In a world full of instant there have been unfortunate casualties; Polaroid instant film was on the verge of discontinuation. A marvel of its time the simplicity was its pull. Press, flash, picture. Simple. Then the wait, the anticipation to see what you captured was a thrill that’s been lost with modern technology. It’s not just the nostalgia that makes Polaroids alluring. It’s the unpredictability. You never knew if you’d end up with a masterpiece or a disaster but it didn’t matter, it was yours.
I decided to pay tribute to the art of Polaroid photography with a book of images and an exhibition that capture intimate moments of my career through the years. I wanted to show that just because a certain technology has aged it doesn’t have to lose its appeal.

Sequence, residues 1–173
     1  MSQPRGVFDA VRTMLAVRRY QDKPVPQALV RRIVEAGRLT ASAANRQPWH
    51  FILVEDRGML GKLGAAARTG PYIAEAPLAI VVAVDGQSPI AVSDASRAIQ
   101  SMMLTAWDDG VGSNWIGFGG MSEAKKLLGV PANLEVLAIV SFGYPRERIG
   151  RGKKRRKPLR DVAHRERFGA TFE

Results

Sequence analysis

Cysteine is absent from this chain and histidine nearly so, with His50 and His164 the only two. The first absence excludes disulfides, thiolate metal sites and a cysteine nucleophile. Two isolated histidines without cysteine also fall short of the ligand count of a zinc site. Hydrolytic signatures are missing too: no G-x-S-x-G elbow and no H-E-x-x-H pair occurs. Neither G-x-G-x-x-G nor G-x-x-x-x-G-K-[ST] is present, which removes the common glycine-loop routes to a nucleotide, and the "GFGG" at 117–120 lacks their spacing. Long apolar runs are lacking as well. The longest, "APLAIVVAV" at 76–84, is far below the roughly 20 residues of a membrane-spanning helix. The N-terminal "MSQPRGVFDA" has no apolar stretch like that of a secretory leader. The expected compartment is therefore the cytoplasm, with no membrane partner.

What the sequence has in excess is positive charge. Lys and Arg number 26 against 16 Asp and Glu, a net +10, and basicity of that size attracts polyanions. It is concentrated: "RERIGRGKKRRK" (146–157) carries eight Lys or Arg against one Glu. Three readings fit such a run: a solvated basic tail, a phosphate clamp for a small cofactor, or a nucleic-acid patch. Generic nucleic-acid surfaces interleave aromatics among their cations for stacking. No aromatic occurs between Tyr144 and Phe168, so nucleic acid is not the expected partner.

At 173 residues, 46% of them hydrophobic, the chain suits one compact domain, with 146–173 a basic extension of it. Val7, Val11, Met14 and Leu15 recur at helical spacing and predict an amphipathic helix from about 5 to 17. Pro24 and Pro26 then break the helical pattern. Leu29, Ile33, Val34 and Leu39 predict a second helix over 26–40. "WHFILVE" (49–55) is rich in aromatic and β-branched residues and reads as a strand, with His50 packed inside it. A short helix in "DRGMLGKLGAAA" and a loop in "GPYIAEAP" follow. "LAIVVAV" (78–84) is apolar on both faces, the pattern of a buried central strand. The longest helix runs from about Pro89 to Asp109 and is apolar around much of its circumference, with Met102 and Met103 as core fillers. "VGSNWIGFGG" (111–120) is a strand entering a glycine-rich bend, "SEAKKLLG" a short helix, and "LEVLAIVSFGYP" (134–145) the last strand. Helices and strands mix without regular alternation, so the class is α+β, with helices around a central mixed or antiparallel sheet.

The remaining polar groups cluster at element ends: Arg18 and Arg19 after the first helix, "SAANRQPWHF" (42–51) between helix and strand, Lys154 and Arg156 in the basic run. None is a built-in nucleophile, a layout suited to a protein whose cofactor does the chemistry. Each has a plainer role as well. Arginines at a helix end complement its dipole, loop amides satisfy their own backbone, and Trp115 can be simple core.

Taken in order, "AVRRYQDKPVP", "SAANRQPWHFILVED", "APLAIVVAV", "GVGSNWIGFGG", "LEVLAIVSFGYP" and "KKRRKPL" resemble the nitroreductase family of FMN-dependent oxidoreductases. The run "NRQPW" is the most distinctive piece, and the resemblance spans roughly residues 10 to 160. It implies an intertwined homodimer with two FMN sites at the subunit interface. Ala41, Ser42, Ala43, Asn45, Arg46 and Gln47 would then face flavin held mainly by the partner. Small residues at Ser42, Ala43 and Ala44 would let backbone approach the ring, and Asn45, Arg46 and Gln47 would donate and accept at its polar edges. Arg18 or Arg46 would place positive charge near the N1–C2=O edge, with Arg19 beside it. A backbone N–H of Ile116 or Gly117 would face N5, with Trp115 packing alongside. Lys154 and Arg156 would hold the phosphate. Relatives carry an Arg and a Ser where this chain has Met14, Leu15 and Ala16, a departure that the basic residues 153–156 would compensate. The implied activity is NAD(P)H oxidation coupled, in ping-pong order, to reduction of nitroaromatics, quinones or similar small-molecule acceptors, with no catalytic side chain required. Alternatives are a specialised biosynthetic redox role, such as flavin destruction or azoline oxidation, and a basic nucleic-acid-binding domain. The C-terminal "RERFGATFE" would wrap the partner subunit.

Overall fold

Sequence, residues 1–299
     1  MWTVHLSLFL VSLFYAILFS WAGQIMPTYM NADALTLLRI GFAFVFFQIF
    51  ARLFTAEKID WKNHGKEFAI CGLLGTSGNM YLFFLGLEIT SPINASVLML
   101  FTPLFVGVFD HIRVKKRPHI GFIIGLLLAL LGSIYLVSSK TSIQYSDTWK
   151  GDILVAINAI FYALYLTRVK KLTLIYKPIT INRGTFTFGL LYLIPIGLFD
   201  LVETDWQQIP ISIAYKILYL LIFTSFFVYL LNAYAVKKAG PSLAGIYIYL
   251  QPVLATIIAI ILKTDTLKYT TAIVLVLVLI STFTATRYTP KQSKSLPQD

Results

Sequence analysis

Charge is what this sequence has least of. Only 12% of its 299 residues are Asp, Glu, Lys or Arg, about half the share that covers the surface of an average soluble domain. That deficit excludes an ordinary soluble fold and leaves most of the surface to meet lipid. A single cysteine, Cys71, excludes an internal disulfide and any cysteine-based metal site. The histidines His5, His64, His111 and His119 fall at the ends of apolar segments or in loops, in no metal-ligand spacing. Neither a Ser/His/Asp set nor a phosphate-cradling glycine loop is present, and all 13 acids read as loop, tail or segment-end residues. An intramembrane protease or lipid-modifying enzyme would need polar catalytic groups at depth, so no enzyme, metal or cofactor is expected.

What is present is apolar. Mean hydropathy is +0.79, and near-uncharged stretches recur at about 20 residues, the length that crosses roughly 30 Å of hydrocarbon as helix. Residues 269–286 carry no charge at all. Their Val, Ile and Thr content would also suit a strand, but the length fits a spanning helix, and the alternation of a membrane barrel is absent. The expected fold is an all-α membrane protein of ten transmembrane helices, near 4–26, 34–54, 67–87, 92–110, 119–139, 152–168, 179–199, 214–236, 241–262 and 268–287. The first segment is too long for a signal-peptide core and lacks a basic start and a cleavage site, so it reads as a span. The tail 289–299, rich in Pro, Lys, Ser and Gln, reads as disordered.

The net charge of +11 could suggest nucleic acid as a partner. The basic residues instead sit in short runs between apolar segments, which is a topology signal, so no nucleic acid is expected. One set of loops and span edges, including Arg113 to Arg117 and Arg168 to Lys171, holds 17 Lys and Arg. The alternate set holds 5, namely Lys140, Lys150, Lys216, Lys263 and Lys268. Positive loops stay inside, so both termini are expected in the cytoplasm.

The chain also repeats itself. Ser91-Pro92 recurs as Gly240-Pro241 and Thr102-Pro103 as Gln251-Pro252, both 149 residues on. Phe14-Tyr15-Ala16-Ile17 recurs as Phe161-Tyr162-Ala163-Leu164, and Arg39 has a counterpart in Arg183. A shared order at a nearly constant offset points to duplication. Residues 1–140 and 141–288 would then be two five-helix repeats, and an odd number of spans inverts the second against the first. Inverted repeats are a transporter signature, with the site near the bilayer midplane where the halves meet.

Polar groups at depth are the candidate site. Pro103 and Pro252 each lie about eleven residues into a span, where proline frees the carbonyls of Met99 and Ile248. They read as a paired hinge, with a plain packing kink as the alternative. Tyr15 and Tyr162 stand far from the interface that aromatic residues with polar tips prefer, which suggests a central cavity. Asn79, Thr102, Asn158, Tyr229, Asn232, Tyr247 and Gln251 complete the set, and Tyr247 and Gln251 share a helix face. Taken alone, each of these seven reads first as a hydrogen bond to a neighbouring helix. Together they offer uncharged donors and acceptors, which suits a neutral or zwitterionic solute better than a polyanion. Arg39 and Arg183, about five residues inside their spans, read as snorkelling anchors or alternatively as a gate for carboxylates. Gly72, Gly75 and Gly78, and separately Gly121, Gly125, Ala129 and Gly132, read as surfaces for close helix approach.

Here is an excerpt from the book’s foreword by Gisela Getty:
Hoelck’s images seem at first to be random, thrown together, an accidental assemblage, but they provide a narrative of our cultural landscape, a series on contemporary urban life. The expressions in most portraits are introspective and skeptical, the girls seem to undress for no-one, the ketchup bottle is broken, a monochromatic image postulates CHANGE, juxtapositions of empty industrial places and self-referential youth, vulnerable, naked, Vincent Gallo frozen as a silver- star, a girl stripping down her nylon-slip, a dial on a wall, a kiss radiating a golden light streak, Hoelck’s images are always modern and now.
- (60 days)